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Early Power Lawnmower in Dodge City, Kansas

My grandfather, Fred Kirkpatrick Sr. was fortunate to have had one of the first power lawnmowers in Dodge City, Kansas. It was quite a treat to have those then as they cost money and there never was enough of that back in the day to go around so it seems. He was City and County Engineer and my Grandmother Eva was a milner which is someone who made hats. Every woman wore a fancy hat back then so they both had jobs very early in the day when women often stayed home all the time.

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Fishing on Duck Creek, North of Dodge.

Below, you will find a story my dad sent about fishing on Duck Creek which is North of Dodge City, Kansas. I find it interesting to note that since that time, farming practices have pretty much depleted the water found in those creeks and streams just 50 years ago. With the advent of the tractor, terracing of the land and building of small dams on the draws, there is virtually no runoff to the streams. Enjoy a look to the past.

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J.M. Kirkpatrick, Attorney Dodge City, Lodge Brother to Wyatt Earp

I am finally at the end of a long journey so it seems. For over ten years I have looked for a picture of my great grandfather, J.M. Kirkpatrick. He was born in 1854 and went to Dodge City about 1873 or before. My grandfather seemed to think he came west at age 19 so that would have been 1873. He and his brother Edward who was a year or two older came to Dodge to work and since J.M. had passed the bar exam, he was an attorney and Edward had a furniture and mortuary store. Those types of stores usually went hand in hand in the western states.

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Race Track Stadium Dodge City Kansas - Great Depression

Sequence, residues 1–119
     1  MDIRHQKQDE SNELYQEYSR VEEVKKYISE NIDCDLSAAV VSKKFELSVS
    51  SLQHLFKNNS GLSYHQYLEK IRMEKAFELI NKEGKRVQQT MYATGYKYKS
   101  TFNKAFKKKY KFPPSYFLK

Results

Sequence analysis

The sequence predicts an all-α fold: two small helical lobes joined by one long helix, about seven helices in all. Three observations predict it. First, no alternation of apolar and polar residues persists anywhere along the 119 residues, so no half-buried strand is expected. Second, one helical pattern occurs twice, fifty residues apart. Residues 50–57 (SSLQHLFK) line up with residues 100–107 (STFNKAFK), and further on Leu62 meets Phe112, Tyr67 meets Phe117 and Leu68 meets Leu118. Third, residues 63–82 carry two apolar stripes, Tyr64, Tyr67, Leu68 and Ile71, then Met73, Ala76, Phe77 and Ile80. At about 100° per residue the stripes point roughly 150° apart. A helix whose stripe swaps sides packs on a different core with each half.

Along with a lot of other municipal structures built across the USA, the old racetrack stands were constructed by men under the WPA program in the 1930's. This program was in response to the great Depression where millions of people were suddenly out of work and penniless. The Government came up with a NEW DEAL and got the young men into camps where they could work on projects and at least have food and shelter.

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Indian Reservation Cantonment Oklahoma

My grandmother Eva Kirkpatrick and her twin Reva Badgley, were born in 1900 I believe in Ohio. Their father was a farmer there and got hurt somehow and had to quit farming. It was a far different occupation then with horse drawn and had driven machinery and people got hurt often due to no safely rules.

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Dodge City Cowboy Band

One of the most interesting pieces of western history has to do with the formation and continuation of the Dodge City Cowboy Band. It was organized sometime in 1881 and played at various places including the famed Long Branch Saloon. I had the opportunity to visit that saloon before they tore down all the buildings on Front Street. I was a small boy and my grandfather on my mother's side, went there to pay his union dues.